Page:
All Weather Portfolio By Ray Dalio: Asset Allocation, Historical Data, and More

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Having a diversified investment portfolio that can handle all economic environments is vital if you want to become a successful investor. 

Instead of simply dividing your portfolio between stocks and bonds using your age or risk tolerance, you might consider using the All Weather Portfolio from Ray Dalio.

This investment strategy gives you exposure to commodities and gold, causing your portfolio to perform differently from a traditional stock and bond portfolio during bull and bear markets.

Who is Ray Dalio, and What is the All Weather Portfolio?

Ray Dalio is a billionaire investor who currently runs Bridgewater Associates, the world’s largest hedge fund firm. He is one of the most respected investors of this generation, along with the iconic Warren Buffett.

Additionally, Dalio is the author of several investment books. This includes the Principles series, which can be insightful to new and experienced investors. 

Successful hedge funds are effective at spotting growth opportunities. They are also excellent at mitigating risk so that they don’t lose all their investment gains. 

The All Weather investment strategy, sometimes referred to as risk parity, offers a way to capitalize on growth periods. However, the potential investment gains are not as strong as aggressive all-stock portfolios during bull markets.

At the same time, this allocation strategy can endure bouts of inflation and recession with minimal losses compared to the broad market. 

With this portfolio, you won’t just make money when there are periods of rising economic growth. It’s even possible to make money during an economic downturn from dividend income.

Basically, it’s set up to handle various market conditions.

All Weather Portfolio Asset Allocation

If you want to follow the same asset allocation method as Ray Dalio, the All Weather Strategy will have you invest in stocks, bonds (including inflation-linked bonds) and highly-liquid alternative assets.

The same allocation percentage recommendations apply to every investor instead of catering to your age or risk tolerance.

Plus, the potential interest rate risk goes down because you have a more diversified portfolio.

There are five different asset classes and recommended asset allocations.

These include:

  • U.S. stocks: 30%
  • Long-term U.S. Treasury Bonds: 40%
  • Intermediate-Term U.S. Treasury Bonds: 15%
  • Commodities: 7.5%
  • Gold: 7.5%

At a quick glance, the relatively low exposure to stock reduces your growth potential during a stock bull market. However, a commodities fund and gold can outperform stocks during inflationary times or recessions.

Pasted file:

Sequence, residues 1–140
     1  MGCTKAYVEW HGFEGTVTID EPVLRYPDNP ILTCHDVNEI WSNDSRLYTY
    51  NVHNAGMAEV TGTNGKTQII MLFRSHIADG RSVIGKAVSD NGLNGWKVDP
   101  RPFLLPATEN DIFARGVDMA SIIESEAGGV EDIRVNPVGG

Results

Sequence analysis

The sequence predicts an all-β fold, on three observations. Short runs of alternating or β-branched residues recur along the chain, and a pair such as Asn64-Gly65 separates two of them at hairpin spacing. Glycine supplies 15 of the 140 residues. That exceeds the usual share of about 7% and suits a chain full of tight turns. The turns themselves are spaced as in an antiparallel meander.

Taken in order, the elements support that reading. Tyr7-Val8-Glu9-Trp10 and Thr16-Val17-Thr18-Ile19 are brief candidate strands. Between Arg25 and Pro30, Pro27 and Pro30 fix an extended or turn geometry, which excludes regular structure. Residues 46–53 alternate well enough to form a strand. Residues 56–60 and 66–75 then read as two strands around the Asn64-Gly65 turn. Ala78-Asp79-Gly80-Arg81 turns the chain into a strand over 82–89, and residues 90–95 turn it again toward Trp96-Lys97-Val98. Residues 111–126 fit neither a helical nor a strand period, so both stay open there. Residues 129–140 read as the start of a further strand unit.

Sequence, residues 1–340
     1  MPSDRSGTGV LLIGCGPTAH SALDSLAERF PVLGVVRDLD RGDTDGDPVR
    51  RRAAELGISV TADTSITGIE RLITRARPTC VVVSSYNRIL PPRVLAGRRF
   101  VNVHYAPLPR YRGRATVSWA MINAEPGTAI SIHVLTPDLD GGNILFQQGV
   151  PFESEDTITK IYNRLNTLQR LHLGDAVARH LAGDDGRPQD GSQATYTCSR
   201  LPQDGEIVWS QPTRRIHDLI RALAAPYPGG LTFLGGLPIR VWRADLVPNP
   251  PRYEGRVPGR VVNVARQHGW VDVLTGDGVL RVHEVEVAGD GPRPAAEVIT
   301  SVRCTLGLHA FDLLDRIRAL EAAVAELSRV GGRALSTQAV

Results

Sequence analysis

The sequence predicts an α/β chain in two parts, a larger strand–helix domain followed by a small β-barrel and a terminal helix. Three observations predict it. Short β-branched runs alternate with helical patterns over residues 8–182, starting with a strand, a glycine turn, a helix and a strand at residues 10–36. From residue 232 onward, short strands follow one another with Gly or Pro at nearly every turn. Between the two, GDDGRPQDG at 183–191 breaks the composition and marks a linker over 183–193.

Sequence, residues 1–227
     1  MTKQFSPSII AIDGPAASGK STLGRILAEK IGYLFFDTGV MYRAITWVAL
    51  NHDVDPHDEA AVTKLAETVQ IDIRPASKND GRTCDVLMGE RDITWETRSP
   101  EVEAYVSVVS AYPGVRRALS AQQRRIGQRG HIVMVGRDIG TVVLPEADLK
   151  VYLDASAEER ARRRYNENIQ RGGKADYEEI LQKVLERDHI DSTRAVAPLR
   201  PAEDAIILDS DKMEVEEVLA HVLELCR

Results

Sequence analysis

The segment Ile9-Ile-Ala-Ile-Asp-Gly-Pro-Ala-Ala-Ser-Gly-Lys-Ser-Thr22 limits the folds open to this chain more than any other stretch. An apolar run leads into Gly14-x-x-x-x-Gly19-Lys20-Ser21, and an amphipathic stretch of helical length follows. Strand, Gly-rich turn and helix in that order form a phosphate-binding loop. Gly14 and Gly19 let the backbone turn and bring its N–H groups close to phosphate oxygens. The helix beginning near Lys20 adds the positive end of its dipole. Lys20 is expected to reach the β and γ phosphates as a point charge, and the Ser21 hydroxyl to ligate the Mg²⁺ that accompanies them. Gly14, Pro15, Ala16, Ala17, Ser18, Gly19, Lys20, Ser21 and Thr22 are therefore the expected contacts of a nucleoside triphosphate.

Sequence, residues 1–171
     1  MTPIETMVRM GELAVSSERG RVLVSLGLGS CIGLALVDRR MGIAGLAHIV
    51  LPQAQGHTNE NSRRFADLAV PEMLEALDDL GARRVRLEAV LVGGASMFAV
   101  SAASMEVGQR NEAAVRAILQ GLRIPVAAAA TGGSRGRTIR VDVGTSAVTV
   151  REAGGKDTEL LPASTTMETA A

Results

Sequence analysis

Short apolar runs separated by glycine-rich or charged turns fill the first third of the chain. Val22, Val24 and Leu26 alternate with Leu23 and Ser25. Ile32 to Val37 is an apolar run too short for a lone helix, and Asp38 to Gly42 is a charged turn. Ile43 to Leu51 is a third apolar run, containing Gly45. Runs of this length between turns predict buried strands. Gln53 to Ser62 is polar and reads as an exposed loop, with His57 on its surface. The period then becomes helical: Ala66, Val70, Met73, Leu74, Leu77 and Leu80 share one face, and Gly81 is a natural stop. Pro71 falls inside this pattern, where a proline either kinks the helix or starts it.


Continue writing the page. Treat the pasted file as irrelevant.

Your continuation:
The medium-term and long-term Treasury bonds have higher yields than short-term bonds. While the bond fund share prices can go lower during a selloff, you still earn passive income from the bond interest. 

This strategy is considerably different from the balanced 60/40 portfolio (60% stocks and 40% bonds), which is popular among retirees and risk-averse investors who want to achieve risk parity.

With this strategy, you have more exposure to bonds (including inflation-linked bonds) while avoiding the accompanying volatility of stocks. It can also provide more exposure to bonds than the three fund portfolio.

Keep in mind that this somewhat unconventional investment approach doesn’t give you direct exposure to foreign stocks or investment-grade corporate bonds. 

As a side note, speaking with an investment adviser or financial advisor can be a good idea to ensure you make good investment decisions for your financial situation.

How to Build an All Weather Portfolio 

Currently, there isn’t a prebuilt All Weather strategy ETF or mutual fund available to the average investor. As a result, you must build your own investment portfolio to practice this investment philosophy.

Thankfully, you can easily invest in the All Weather Portfolio allocation through index funds and sector ETFs using free investing apps.

For example, you don’t have to buy physical gold but can purchase a gold ETF instead. However, you may prefer holding bullion or actually owning the precious metal instead of trading the gold futures price.

These various investments can have low management fees and are available through most brokers.

Depending on your online brokerage investment options, you may consider these funds first.

Note: All funds are in alphabetical order. Perform your due diligence by comparing these funds and others available through your investing platform.

Asset ClassRecommended AllocationInvestment Ideas
U.S. Stocks30%Fidelity ZERO Total Market Index Fund (FZROX)